Funeral directors slammed for hard sell tactics
An investigation by consumer champion Which? has warned that funeral directors are using hard sell tactics on vulnerable families.
The research found that they tried to push added extras such as embalming, to increase the price, and requests for a 'simple' funeral are often ignored, leaving families with a much larger bill than expected.
The cost of a funeral can differ widely, from £1,799 to £4,199, depending on the extra services families can decide to add, and Which? rated the advice offered by 14 out of 20 funeral directors seen face to face as poor or very poor.
A Which? spokesman told the Daily Mail: "Bad practice we encountered included 'railroading' of researchers to inappropriately buy a funeral plan for their dying relative, and giving incorrect information about the time period for registering a death."
"Some funeral directors failed to provide information which had been requested, gave poor explanations, and failed to ask enough questions to offer a personalised service with a good range of options."
Two companies were criticised for potentially breaching consumer protection regulations by trying to push families to pay extra for embalming, which involves preserving and improving the appearance of the body. Meanwhile a visitor to a branch of Dignity was also told their relative would not be suitable for viewing without being embalmed.
Which? assembled a panel of experts to assess the information they had gathered, they agreed it was wrong to recommend embalming before seeing a body.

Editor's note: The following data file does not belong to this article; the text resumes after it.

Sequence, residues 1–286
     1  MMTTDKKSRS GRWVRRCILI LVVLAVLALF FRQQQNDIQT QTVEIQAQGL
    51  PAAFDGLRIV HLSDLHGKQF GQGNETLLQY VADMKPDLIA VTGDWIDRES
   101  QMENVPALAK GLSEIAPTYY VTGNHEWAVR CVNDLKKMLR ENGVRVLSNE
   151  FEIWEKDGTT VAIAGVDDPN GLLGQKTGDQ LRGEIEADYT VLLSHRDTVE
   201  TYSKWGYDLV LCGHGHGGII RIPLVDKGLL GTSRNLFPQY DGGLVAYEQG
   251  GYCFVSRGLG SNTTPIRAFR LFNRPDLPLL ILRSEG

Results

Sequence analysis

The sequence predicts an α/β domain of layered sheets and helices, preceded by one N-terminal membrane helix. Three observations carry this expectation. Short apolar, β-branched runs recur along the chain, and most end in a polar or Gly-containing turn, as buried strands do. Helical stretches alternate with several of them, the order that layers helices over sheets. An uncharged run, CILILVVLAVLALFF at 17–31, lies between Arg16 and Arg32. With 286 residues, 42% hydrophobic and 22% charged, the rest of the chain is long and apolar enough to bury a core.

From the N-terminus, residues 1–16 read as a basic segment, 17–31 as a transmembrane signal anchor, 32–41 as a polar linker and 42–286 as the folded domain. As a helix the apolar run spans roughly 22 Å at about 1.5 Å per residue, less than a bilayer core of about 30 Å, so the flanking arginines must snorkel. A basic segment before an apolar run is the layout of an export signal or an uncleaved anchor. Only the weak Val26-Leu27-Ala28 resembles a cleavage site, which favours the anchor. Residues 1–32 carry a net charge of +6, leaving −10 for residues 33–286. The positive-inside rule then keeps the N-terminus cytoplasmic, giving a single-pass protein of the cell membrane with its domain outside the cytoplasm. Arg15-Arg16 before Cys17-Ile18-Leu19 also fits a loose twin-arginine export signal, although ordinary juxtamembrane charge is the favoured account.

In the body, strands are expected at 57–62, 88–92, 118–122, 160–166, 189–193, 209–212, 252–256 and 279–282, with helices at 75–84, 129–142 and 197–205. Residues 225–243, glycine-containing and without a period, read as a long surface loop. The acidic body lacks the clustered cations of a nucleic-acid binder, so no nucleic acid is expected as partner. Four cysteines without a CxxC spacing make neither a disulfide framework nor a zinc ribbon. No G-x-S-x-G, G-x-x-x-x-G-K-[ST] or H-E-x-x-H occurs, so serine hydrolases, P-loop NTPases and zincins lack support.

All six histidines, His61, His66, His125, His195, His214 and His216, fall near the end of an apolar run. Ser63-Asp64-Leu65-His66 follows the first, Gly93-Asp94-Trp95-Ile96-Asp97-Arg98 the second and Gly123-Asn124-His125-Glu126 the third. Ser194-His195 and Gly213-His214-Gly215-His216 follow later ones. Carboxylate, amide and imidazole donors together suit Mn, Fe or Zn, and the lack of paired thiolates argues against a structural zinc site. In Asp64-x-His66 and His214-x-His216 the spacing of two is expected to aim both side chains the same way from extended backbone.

The consumer champion also found some staff were not as sensitive and discreet as expected. It revealed that many funeral directors failed to offer an up-front price list, meaning people were left confused about the cost involved.
A researcher who called three funeral homes in Harrow was quoted between £2,407 and £3,814 for the 'simple' cheapest funeral. While in Glasgow, costs ranged between £2,487 and £4,199.
There were also huge differences in the price of a simple coffin, ranging from £160 with the Co-op to as much as £690 with an independent company.
Most funeral homes belong to either The National Association of Funeral Directors or The National Society of Allied and Independent Funeral Directors. Which? said: "We met with both organisations and are pleased to see they both want what we want – to have all their members trained sufficiently to meet high standards."
The Co-op denied staff push extras such as embalming and said it did not believe there had been any intention to deceive in the case identified by Which?. While Dignity said its staff were not incentivised to 'sell', adding they believed embalming was 'beneficial.'